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Greek/Hebrew translations

A discussion of the peculiarities of languages and the differences between them.

Greek/Hebrew translations

Postby Perry Lassiter » Mon Mar 19, 2012 2:16 pm

A frequent problem in translating and understanding the New Testament comes from native Hebrews writing in Greek. When we pick up the Greek NT and read a word, the question frequently arises whether the thought behind it came from the writer's Old Testament background or from the Greek culture in which they were also immersed. An easy example to see, though very complex to deal with, is the Greek word "logos." Almost always translated as "word," (in the beginning was the word/logos) in John 1:1, was John thinking of the Greek concept of logos or the Hebrew concept of "davar/dabar/dabhar." The latter is very frequent in the OT as in "The word of the Lord came to Jonah, saying..," It can also be a verb, "the Lord said..."In Greek, logos is variously conceived of as rationality or an ordering principle. Mythologically, the logos is a divine power that overflowed from the supreme power and stands somewhere down the chain. Like a mad inventor in some schemes, the logos got to experimenting with matter and accidentally spilled spiritual stuff, soul, into matter and the combination created everything we know. This is just a glimpse, but you see the problem if you look at the Greek text. It becomes even more problematic in translation. One modern translation even reads, "In the beginning God expressed himself." Now when you move that Greek/Hebrew combo into English, how do you translate? Many more very important words share that problem. It also happens in almost any translation. What's "weltenshaung"? "Existentialism," for that matter? You have other examples and problems?
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Postby Slava » Mon Mar 19, 2012 8:15 pm

Not quite the same, but when the Russians were translating something from JFK, I believe a memoir, they went back and forth on how "you" should be translated, in the singular or plural, i.e. informal or formal, when speaking to servants.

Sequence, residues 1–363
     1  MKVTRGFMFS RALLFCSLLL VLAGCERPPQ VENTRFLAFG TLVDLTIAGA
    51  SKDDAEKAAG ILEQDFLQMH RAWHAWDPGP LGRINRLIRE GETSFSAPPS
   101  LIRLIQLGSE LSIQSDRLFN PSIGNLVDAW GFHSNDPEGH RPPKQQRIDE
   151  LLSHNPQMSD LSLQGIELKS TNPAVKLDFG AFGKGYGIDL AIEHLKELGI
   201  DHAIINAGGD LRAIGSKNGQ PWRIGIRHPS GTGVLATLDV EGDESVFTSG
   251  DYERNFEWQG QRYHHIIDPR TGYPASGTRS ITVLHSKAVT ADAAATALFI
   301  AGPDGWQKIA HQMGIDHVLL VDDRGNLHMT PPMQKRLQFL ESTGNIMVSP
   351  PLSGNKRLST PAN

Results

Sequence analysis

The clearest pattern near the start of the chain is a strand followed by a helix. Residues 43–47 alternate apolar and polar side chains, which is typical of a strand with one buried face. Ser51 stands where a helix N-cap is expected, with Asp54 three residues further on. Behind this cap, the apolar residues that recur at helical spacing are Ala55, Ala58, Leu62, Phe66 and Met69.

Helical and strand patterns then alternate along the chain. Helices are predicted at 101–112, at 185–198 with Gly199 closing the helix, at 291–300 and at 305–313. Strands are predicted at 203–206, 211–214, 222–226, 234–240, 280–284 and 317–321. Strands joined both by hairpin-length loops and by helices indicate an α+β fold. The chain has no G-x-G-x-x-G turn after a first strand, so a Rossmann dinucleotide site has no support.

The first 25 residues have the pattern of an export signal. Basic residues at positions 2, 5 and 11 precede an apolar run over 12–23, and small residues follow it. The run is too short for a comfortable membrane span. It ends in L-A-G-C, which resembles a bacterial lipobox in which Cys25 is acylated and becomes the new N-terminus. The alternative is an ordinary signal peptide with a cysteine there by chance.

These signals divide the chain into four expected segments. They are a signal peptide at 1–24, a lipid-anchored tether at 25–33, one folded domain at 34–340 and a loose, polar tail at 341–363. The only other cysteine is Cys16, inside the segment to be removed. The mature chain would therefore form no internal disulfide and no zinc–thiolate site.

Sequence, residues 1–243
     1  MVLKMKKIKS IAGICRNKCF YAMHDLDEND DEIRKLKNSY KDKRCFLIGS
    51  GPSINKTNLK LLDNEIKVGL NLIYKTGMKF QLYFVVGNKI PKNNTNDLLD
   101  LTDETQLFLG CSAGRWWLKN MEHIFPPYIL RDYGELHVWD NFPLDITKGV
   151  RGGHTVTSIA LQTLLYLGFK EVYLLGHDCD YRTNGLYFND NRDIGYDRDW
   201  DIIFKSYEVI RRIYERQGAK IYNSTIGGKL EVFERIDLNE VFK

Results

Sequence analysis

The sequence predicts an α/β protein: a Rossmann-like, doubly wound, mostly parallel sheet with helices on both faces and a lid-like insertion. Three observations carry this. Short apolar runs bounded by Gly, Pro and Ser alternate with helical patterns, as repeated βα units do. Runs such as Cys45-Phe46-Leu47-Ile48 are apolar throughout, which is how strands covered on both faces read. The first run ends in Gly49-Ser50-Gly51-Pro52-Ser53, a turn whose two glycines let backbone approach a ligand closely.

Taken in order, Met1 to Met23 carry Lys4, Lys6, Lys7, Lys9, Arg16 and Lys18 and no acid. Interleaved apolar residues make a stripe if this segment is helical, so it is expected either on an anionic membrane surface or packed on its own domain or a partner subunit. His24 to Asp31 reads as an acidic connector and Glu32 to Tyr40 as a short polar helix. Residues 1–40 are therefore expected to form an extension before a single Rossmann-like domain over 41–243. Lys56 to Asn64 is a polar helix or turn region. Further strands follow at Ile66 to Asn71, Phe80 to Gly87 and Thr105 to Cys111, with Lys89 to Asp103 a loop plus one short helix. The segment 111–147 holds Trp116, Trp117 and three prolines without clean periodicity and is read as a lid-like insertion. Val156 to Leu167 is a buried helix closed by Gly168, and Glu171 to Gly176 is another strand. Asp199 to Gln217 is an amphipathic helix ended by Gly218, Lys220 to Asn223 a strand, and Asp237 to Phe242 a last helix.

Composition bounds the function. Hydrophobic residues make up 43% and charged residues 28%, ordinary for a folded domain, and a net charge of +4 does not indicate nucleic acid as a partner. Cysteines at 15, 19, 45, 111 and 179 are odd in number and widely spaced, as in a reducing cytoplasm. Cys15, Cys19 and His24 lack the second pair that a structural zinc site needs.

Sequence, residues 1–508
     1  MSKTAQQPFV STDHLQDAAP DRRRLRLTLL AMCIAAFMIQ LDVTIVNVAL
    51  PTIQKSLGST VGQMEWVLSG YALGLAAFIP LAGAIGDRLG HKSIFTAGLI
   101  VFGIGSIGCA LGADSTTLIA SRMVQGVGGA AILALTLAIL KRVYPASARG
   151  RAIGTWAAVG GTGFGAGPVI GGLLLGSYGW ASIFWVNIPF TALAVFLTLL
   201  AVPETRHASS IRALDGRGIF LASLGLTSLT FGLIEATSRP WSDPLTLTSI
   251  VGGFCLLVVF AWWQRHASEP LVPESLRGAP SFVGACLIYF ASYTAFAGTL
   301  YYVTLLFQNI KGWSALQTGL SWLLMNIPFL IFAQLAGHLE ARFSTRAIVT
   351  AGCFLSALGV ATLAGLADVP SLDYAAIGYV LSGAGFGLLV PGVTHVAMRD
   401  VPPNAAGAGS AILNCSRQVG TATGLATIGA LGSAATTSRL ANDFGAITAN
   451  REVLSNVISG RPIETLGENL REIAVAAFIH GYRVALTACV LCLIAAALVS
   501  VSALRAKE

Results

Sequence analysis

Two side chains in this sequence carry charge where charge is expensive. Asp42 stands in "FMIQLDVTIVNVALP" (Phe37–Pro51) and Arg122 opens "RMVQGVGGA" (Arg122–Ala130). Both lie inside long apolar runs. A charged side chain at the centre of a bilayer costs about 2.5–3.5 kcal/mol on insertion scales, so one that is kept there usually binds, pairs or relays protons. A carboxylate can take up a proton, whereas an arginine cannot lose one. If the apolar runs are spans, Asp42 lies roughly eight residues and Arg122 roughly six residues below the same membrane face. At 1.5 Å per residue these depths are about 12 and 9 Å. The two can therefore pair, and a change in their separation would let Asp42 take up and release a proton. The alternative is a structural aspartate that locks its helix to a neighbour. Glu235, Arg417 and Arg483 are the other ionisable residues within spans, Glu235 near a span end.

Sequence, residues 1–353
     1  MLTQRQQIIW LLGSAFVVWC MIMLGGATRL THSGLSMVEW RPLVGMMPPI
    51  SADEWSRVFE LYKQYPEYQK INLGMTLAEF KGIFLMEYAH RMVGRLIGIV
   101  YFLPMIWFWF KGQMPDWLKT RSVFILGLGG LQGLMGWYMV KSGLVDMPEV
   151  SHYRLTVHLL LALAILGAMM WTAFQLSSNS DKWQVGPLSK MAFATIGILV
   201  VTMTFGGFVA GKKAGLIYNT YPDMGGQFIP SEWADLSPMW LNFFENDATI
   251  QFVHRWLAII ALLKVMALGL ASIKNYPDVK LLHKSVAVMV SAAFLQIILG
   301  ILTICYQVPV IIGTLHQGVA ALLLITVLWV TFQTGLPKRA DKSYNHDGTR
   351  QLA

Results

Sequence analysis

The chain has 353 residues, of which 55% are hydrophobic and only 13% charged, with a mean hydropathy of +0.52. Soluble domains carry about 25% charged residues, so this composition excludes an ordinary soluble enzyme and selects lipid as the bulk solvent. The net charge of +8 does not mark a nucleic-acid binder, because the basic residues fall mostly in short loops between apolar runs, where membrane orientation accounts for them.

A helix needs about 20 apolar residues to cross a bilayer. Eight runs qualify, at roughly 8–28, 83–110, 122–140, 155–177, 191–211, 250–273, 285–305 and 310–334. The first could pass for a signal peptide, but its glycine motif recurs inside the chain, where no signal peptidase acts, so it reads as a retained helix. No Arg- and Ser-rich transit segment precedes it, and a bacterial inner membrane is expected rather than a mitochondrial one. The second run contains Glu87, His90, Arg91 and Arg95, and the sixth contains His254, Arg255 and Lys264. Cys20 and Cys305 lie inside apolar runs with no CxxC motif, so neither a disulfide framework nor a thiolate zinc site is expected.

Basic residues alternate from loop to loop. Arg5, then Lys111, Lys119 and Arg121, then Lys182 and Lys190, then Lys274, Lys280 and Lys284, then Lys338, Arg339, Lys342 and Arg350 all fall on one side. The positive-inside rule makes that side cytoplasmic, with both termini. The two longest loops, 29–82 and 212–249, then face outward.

An interesting problem might come up if speaking of the gay community. Here it is represented as pink. In Russia, gay people are blue (goluboi).
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Postby Perry Lassiter » Mon Mar 19, 2012 9:41 pm

The Russian problem, I suspect, arises from the lack of a true second person in English. Both you and he/she share the same verbal endings. In Spanish, for example, the formal "usted" is mostly taught in schools, but they also include "tu" as a familiar "you," that oddly applies both to children and God. I found in practice with Spanish friends that in Tex-Mex dialect, I never here usted or formal endings. It's all "tu" and "s" endings. English, of course, used to - thee, thou, thine, etc. Repeatedly someone will state you can't understand translations truly. Islam insists that the Koran can only be understood truly in Arabic.
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Postby Philip Hudson » Tue Mar 20, 2012 3:46 pm

Perry said, "Mythologically, the logos is a divine power that overflowed from the supreme power and stands somewhere down the chain. Like a mad inventor in some schemes, the logos got to experimenting with matter and accidentally spilled spiritual stuff, soul, into matter and the combination created everything we know."

How like the Greeks to come so close to a meaning and yet miss it entirely. Modify the quotation from Perry just a little and you get, "In actual fact, the supreme divine power who, at the pinnacle of divinity, created matter mixed purposely with spiritual stuff and thus created everything there is in the universe," is a pretty good Christian definition of "The Word". To say, as I think the Phillips Translation does, "In the beginning God expressed himself," leaves a lot to be inferred from "expressed". It is more than the word "expressed" can be expected to bear. It takes the whole Bible to define "The Word".
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Postby Perry Lassiter » Tue Mar 20, 2012 4:09 pm

Although we (I) wander far afield in these forums, I intended to focus here on translation more than theology, although the two are pretty well intertwined here. Much of the NT was written contra an attempt to infiltrate Christianity with Greek culture, and one argument here was indeed that the true Logos was not a mad scientist, but was in fact the creator God. Repeatedly we see similar interplays in culture wars. Did you see the cleric who was not surprised the the burning of the Koran led to mass uprising, while killing 16 civilians did not? He said all their people are relgious to the core, but they were used to paying money for human life. How do you jump these barriers?
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